How to reach?

The city is well linked to other parts of the country with various means of transportation. The Pune Airport, approximately 15 km away from the city centre, operates flights for several destinations. Those travelling by train can book their tickets till Pune Junction railway station.

6. Uyyalawada Narasimha Reddy Fort, Nandyal

Photo of Route to 47 : Exploring hotspots of Freedom Movement with redbus! by Arko Banerjee

The Cheeranjivi starrer Telugu language film, Sye Raa Narasimha Reddy is inspired by the life of Indian independence activist Uyyalawada Narasimha Reddy from the Rayalaseema region of Andhra Pradesh. Uyyalawada Narasimha Reddy and his commander-in-chief Vadde Obanna were at the heart of a freedom movement against Company rule in India in 1847, where 5,000 Indian peasants rose up in revolt against the British East India Company in Nandyal district. On 23rd July 1846 Narasimha Reddy defeated the British army at Giddaluru, making him the first to rise up against the mighty British. Narasimha Reddy was eventually captured at Koilkuntla area in Jagannatha Konda. Around 112 of his followers were arrested and convicted for 5 to 14 years and some of them were jailed in Andaman. The special commissioner of Kadapa conducted the trial and Narasimha Reddy was charged with revolt, murder and being a dacoit and was convicted on all charges. Finally, on Feb 22, 1847 Reddy was hanged publicly after being tortured mercilessly. His revolt in India against the British occupation was 10 years earlier than the Sepoy Mutiny of 1857.

How to reach?

The fort is located around 15km from Allagdda, a town in Nandyal district of Andhra Pradesh. The nearest railway station Nandyal Junction is 58 km away and Kurnool (domestic) Airport is around 107km from the Fort.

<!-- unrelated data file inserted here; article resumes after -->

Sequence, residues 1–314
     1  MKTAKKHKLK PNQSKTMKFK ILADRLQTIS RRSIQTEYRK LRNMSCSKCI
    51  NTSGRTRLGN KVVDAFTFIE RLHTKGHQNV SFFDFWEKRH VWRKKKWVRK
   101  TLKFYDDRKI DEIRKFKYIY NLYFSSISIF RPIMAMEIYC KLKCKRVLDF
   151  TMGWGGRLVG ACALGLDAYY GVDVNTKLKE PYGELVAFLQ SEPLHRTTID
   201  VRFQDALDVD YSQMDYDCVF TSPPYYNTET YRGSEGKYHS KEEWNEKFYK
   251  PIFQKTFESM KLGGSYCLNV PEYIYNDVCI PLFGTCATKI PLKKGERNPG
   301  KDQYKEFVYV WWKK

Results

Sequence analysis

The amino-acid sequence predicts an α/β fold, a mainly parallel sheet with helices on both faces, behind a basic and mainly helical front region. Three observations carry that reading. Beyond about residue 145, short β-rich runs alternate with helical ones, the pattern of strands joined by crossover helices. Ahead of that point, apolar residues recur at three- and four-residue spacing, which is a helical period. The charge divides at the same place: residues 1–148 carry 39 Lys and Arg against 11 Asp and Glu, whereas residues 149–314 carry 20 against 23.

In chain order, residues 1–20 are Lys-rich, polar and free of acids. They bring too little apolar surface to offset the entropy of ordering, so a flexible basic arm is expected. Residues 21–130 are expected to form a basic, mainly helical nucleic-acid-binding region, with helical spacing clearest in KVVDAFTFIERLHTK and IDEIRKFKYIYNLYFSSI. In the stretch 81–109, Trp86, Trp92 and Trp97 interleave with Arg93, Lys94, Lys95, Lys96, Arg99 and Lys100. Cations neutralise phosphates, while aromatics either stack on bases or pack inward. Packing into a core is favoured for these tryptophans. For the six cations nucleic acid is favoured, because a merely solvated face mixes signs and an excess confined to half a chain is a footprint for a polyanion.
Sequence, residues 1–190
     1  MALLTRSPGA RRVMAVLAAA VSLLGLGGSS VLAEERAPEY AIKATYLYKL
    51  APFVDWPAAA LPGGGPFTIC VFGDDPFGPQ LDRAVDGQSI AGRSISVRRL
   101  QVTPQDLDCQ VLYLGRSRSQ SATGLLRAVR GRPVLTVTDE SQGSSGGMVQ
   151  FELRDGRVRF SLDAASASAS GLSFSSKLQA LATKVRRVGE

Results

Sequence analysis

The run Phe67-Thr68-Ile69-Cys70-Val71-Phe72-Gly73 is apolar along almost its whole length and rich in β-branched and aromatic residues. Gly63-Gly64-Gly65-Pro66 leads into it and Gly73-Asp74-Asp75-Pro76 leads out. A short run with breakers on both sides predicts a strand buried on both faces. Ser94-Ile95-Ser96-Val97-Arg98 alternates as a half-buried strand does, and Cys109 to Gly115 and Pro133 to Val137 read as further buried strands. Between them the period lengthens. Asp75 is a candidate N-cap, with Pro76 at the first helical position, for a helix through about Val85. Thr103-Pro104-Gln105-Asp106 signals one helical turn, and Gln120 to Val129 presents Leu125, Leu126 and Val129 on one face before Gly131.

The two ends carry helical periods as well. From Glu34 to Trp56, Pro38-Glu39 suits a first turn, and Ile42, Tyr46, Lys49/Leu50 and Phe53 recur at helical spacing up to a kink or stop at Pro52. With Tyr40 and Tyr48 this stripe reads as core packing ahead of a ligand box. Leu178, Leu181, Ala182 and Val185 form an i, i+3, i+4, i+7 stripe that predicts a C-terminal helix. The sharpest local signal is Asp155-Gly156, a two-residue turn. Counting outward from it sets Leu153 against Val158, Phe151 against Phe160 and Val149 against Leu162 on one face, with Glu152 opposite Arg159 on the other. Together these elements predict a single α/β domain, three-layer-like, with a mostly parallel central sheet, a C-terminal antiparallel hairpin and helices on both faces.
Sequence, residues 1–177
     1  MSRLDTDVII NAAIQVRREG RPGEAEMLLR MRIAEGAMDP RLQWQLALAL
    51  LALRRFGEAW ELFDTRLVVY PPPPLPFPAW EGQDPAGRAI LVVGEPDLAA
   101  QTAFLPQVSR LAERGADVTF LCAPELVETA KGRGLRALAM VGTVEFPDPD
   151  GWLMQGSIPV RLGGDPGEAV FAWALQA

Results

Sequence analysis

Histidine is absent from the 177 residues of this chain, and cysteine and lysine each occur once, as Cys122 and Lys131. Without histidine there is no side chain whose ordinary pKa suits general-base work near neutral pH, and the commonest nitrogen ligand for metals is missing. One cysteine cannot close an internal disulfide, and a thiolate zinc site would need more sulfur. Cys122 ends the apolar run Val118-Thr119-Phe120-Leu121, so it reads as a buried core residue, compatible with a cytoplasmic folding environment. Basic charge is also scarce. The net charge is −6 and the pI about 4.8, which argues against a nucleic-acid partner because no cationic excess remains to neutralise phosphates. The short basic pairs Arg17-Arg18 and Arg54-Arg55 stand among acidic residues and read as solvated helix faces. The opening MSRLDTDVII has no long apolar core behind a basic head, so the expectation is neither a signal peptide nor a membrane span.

7. Pazhassi Raja Memorial, Wayanad

Courtesy: Kerala Tourism

Photo of Route to 47 : Exploring hotspots of Freedom Movement with redbus! by Arko Banerjee

The Tomb of the famous Lion of Kerala, Kerala Varma Pazhassi Raja, was constructed in the place where his body was cremated. Situated on the banks of River Kabani in Mananthavady, the tomb was converted to a museum in 1966. Pazhassi Raja, a fierce King, is among the few leaders in the Indian sub-continent to score a military victory over the British. He is remembered for his love and undying loyalty towards his subjects. The museum houses Pazhassi Raja's sword and other information about the cultural history of Kerala. Other galleries in the museum display a collection of rare coins, tribal artefacts and fine artworks of the well-known artist Raja Ravi Varma. The memorial is managed by the Kerala State Archaeology Department.

How to reach?

Around 33 km from Wayanad, and 115 km from Calicut International Airport, this place is visited by people attracted by history and patriotism.

How many of these have you already been to?

Do share your experiences and let the world know about the places that remind us of the sacrifices and contributions of people towards India's fight for Freedom. Let us all honor them, who renounced their present for a brighter future of the country.